[Xcb] [PATCH 4/8] Add xcb_send_fd API

Keith Packard keithp at keithp.com
Thu Nov 7 13:24:10 CET 2013

Uli Schlachter <psychon at znc.in> writes:

> Having thought about this some more in the shower, I would suggest to turn
> xcb_send_fd() into a private _send_fd() and instead add
> xcb_send_request_with_fds() (or something like that).

This isn't necessary; as I explained, the X server just holds onto FDs
that the client sends until a request consumes them. Yes, it has to deal
with clients sending unexpected FDs, there's nothing special about this.

> However, I also noticed that I don't know much about "unix fd magic", so could
> anyone please answer some questions:
> - What happens if we try to send FDs over non-unix sockets?

It fails.

> - Does the new sendmsg() call work correctly on non-unix sockets when no FDs are
> transmitted?

You'll note that sendmsg is *not* called when we have no file
descriptors to send.

> - Should we have some API to test if sending FDs works at all or if xcb just
> ignores the FDs?

I'm not entirely sure how you'd do that without actually trying to send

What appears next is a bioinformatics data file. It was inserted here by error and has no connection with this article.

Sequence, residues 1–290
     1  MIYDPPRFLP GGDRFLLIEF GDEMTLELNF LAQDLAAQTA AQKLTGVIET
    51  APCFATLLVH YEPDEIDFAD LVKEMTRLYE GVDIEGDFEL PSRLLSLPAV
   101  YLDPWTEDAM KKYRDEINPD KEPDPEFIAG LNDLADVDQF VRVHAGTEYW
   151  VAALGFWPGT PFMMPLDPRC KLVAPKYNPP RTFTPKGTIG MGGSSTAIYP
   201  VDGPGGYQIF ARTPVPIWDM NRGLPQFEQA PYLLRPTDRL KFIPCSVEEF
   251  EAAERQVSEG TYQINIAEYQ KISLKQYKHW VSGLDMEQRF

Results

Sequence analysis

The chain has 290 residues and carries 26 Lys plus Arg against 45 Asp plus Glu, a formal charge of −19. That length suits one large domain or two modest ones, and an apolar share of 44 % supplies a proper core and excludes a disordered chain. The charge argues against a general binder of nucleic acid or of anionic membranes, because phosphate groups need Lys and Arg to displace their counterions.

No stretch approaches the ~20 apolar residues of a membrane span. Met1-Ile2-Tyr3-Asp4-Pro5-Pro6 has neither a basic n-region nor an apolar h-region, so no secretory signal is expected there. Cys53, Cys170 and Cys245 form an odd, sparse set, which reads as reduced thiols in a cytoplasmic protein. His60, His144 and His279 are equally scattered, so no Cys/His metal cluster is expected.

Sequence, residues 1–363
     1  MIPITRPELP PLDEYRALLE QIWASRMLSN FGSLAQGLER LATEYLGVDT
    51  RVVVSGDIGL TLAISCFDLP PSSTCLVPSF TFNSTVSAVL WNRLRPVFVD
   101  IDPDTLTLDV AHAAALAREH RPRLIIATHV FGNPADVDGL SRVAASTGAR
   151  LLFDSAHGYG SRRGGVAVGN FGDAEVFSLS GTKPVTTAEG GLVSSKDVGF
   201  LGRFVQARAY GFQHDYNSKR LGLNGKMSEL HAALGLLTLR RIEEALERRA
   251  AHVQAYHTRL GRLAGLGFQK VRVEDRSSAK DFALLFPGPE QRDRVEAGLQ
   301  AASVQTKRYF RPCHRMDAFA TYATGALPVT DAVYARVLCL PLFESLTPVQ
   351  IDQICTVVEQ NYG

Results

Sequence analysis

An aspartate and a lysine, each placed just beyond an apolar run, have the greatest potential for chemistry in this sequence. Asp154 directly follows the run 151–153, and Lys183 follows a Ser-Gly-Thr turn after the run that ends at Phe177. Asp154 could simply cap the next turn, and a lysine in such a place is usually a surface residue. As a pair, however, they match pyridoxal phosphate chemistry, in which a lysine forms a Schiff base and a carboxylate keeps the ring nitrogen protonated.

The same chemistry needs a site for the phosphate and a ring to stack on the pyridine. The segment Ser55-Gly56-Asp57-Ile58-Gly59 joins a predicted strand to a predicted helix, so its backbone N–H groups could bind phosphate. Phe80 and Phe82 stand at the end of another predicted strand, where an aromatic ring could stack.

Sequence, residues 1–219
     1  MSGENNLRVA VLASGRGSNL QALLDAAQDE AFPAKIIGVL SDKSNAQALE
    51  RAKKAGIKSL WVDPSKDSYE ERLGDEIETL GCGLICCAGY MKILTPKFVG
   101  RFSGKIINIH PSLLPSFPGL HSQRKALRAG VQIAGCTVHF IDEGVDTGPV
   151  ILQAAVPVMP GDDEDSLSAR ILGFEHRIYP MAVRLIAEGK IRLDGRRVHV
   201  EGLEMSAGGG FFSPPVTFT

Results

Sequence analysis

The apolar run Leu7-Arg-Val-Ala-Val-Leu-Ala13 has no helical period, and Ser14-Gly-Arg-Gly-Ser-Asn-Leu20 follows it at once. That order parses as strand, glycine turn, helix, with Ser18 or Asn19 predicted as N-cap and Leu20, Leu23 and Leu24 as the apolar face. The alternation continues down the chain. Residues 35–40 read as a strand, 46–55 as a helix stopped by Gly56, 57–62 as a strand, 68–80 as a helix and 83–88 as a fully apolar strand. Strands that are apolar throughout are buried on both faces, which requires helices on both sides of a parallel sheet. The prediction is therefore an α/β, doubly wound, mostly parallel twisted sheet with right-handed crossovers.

an FD, given that XCB can be handed a pre-connected file descriptor.

> - What happens with partial reads? Let's say we send 4KiB of requests to the
> server in one sendmsg() call and the last request has FDs attached. For whatever
> reason, the server only reads 2KiB of data from the socket. Will the FDs be
> handled correctly in this case? What if the FDs are for the first request
> instead of the last one?

The FDs are effectively attached to the first byte of the write; read
that bytes and you get all of the FDs sent there. So, if you perform
a 4kB write with 10 file descriptors, and read only 2kB, then you'll get
all 10 file descriptors as you've read the relevant byte.

> Oh and I just noticed:
> If HAVE_SENDMSG is not defined, shouldn't xcb_send_fd() close() the FD
> that it gets?

The X server won't advertise any requests which receive or send file
descriptors on a system which doesn't support SENDMSG, so I'm not sure
how interesting the precise semantics of this error case are. And, I
assume the BSD people will shortly figure out how to make this work on
their operating systems, which means that pretty much anything with
local applications will have working xcb FD passing.

keith.packard at intel.com
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